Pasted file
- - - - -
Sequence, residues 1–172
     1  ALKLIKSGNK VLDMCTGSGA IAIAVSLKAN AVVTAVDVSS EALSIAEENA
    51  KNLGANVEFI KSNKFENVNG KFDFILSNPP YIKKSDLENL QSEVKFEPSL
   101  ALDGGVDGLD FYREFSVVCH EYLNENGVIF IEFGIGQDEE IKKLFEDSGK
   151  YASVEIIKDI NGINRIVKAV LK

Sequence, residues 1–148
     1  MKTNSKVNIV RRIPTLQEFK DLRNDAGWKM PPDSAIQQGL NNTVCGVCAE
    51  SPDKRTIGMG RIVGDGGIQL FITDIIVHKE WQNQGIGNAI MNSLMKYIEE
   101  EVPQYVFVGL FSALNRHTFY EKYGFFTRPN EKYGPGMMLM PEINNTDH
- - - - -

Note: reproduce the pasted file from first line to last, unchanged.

Sequence, residues 1–172
     1  ALKLIKSGNK VLDMCTGSGA IAIAVSLKAN AVVTAVDVSS EALSIAEENA
    51  KNLGANVEFI KSNKFENVNG KFDFILSNPP YIKKSDLENL QSEVKFEPSL
   101  ALDGGVDGLD FYREFSVVCH EYLNENGVIF IEFGIGQDEE IKKLFEDSGK
   151  YASVEIIKDI NGINRIVKAV LK

Sequence, residues 1–148
     1  MKTNSKVNIV RRIPTLQEFK DLRNDAGWKM PPDSAIQQGL NNTVCGVCAE
    51  SPDKRTIGMG RIVGDGGIQL FITDIIVHKE WQNQGIGNAI MNSLMKYIEE
   101  EVPQYVFVGL FSALNRHTFY EKYGFFTRPN EKYGPGMMLM PEINNTDH